Formula 1 has proposed its regulations for 2021, including louder engines and lower costs
The future of Formula 1 was outlined on the Friday of the Bahrain Grand Prix as the FIA and teams were presented a list of proposals by F1, to be implemented from 2021 onwards. The statement covers engines, costs, overtaking and revenue distribution.
As per the proposals, F1 wants power units which are ‘cheaper, simpler, louder, have more power and reduce the necessity of grid penalties’, with road relevance at the forefront. F1 also wants the new regulations to be ‘attractive for new entrants’ with ‘equivalent performance’ for customer teams. However, the proposals state that the power units will still be hybrids.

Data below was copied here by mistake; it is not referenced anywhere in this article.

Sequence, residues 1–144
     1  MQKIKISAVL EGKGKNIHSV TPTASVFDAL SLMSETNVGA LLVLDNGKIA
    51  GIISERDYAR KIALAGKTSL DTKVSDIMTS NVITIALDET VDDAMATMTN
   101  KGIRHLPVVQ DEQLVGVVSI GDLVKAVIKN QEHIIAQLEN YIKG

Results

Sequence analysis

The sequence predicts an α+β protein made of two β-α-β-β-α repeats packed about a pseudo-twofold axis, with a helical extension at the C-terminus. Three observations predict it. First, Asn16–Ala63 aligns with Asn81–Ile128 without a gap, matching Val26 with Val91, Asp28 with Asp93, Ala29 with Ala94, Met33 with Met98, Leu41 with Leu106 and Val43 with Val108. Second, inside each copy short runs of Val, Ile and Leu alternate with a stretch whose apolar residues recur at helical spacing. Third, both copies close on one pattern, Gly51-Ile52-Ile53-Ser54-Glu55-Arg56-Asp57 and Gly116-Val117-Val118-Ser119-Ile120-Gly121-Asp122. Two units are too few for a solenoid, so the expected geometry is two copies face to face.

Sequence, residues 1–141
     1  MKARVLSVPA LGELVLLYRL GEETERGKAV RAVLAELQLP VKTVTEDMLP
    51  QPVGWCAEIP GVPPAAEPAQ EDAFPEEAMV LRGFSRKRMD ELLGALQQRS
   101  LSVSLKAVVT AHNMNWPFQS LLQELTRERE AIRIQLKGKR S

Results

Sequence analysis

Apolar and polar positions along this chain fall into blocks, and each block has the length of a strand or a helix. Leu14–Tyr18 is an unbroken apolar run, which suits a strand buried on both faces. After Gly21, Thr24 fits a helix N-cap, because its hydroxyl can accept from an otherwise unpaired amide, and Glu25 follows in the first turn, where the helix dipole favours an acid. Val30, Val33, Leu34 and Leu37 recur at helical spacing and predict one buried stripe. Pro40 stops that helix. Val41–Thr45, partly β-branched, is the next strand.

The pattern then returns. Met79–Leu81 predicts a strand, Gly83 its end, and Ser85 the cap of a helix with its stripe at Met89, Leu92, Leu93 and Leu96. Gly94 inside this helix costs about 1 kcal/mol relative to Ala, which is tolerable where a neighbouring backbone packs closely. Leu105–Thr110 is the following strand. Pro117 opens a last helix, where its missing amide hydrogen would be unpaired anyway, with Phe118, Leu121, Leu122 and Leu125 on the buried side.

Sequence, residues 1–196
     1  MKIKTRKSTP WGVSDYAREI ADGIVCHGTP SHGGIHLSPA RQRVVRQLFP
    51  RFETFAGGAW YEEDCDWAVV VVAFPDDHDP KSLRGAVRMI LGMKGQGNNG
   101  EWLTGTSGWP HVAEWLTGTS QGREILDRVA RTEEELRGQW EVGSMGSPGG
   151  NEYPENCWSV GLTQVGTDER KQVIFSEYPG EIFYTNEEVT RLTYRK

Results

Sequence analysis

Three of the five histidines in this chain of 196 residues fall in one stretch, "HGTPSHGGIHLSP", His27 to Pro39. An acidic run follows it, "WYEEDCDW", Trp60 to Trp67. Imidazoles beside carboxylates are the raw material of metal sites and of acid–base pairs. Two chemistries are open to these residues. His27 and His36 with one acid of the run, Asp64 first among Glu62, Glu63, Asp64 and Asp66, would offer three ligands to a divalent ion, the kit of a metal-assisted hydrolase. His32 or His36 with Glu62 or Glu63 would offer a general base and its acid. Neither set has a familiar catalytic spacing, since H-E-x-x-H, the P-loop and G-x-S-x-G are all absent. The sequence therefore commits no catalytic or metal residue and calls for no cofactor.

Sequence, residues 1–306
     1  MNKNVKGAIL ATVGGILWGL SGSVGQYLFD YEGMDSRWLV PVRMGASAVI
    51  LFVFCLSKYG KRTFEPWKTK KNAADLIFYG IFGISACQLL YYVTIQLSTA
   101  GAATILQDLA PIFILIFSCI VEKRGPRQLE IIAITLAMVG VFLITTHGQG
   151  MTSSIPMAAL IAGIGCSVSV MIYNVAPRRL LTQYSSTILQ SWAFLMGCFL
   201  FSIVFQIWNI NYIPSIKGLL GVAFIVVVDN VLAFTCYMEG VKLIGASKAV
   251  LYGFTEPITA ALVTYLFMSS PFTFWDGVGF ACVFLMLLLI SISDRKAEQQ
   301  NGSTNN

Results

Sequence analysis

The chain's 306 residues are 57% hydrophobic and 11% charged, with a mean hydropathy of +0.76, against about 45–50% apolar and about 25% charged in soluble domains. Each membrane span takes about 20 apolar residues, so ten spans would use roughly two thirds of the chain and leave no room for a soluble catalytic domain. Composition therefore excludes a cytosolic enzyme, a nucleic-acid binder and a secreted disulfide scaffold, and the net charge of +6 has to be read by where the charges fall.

In terms of costs, a cost cap has been tabled – Auto Motor und Sport touting a figure of $150m per season from 2021 – with cars using standardised elements. F1 still maintains that ‘car differentiation must remain a core value’ in its statement.
When it comes to revenue distribution, F1 wants a balanced system ‘based on meritocracy of the current performance’, but ‘F1’s unique, historical franchise and value must and will still be recognised’. Car and engine suppliers will receive financial support as F1 aims for a sustainable revenue model post-2021.
Spectators haven’t been ignored, with F1 stating that cars need to be more ‘raceable’ in order to increase overtaking, with the driver’s skill at the forefront.
‘The cars must and will remain different from each other and maintain performance differentiators like aerodynamics, suspensions and PU performance’, says the statement. ‘However, we believe areas not relevant to fans need to be standardised’, it continues.